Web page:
Students worked to complete a math assessment.
Prior to the assessment I shared the best strategy for the assessment. I noted that I had given the assessment countless times and knew this was a good strategy.
As part of the strategy, I told students to complete their calculations on paper, not in their heads. As students turned in the papers, I checked to see if they did their work on paper and if they didn't, I sent them back to show me their work.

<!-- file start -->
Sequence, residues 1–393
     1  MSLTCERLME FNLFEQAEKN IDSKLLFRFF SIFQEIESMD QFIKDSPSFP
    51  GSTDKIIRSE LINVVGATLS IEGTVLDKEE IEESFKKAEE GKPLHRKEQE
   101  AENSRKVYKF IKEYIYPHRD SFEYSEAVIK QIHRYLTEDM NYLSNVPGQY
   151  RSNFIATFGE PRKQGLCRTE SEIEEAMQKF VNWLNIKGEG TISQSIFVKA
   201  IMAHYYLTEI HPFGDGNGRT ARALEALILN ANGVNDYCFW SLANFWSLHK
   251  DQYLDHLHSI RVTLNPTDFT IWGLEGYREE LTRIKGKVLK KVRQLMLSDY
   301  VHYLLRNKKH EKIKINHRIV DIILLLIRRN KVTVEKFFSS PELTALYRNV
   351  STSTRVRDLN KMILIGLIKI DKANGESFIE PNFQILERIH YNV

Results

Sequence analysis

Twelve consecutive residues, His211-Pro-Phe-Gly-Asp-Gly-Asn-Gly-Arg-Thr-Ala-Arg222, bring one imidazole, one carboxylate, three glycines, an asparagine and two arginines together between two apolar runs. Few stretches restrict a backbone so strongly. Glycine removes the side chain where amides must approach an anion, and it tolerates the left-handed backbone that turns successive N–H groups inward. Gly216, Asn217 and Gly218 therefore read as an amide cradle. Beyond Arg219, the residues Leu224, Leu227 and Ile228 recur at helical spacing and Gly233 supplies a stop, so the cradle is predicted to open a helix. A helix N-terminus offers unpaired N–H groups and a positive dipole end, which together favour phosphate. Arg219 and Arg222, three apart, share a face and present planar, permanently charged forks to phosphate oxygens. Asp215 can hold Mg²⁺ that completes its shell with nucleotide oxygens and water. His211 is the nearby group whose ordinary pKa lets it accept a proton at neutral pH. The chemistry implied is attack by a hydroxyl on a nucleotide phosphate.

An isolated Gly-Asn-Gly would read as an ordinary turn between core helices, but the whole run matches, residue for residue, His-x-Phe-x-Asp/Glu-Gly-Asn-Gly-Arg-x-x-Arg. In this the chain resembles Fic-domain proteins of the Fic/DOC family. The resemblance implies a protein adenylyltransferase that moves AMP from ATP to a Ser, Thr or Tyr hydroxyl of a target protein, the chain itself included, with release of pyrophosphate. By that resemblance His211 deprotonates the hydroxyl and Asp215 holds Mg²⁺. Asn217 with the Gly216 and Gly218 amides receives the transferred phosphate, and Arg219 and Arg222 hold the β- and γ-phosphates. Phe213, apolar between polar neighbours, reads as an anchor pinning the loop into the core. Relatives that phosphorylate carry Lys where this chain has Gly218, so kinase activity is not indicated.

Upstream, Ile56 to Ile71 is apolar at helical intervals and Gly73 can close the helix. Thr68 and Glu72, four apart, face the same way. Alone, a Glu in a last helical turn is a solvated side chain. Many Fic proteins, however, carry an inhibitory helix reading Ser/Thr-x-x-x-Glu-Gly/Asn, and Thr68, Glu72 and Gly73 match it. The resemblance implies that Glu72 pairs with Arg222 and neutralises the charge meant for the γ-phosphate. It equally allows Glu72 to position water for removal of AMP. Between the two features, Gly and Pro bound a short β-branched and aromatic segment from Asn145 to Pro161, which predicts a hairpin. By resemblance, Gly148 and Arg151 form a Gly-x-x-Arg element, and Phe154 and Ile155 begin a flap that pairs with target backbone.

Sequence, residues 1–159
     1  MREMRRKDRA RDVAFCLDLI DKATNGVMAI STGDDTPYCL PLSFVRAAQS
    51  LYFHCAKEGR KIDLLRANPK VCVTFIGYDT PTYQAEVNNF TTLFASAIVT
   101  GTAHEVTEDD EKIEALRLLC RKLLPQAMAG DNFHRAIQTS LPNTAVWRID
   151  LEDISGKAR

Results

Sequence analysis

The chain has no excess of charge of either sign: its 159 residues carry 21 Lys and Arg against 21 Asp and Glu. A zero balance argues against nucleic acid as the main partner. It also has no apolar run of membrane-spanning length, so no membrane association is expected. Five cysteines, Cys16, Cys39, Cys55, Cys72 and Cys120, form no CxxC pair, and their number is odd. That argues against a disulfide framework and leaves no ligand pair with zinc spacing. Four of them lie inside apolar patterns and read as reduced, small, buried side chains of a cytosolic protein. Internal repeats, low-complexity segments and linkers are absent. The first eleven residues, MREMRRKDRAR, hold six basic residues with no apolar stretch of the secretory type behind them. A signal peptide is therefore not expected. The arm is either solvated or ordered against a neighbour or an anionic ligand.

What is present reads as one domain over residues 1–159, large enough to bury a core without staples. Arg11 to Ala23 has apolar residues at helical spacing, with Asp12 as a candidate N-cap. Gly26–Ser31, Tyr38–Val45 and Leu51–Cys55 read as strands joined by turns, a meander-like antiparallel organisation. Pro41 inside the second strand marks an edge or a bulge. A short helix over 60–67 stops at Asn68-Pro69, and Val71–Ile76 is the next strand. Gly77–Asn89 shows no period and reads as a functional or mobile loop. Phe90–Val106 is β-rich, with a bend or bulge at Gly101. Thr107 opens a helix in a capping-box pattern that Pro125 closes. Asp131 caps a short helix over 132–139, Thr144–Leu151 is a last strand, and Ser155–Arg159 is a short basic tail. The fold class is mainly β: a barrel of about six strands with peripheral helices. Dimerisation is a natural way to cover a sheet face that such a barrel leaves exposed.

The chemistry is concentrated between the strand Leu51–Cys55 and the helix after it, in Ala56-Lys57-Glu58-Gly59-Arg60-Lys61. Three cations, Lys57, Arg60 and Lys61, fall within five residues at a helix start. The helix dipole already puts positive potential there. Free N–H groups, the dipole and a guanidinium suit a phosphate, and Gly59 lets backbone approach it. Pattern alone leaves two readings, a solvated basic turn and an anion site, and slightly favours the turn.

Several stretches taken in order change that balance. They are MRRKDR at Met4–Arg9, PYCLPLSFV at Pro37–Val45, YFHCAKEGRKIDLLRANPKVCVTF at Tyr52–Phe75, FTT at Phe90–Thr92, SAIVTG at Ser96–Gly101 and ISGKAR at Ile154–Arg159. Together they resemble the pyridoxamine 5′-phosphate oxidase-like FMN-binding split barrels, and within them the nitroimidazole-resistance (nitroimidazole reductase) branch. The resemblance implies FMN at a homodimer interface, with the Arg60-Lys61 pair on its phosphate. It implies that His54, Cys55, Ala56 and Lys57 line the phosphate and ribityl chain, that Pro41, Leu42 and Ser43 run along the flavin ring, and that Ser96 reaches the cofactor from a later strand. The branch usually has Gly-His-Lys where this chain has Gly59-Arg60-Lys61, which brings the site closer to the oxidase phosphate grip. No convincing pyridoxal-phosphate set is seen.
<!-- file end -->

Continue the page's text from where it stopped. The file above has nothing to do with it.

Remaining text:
Afterwards students agreed that their work was more precise once they completed the work on paper.
Many young students are reluctant to persevere enough to carefully show and check their work. That perseverance and precision often separates children who succeed on assessments and those that don't.
Of course precision is only one piece of the math puzzle and we don't want to be so obsessed with precision that we forget the "sloppy copy," broad and big learning that often takes place on the way to precision. That's why one assessment or activity does not tell the whole story about learners and a well rounded curriculum program is preferable to narrow programs.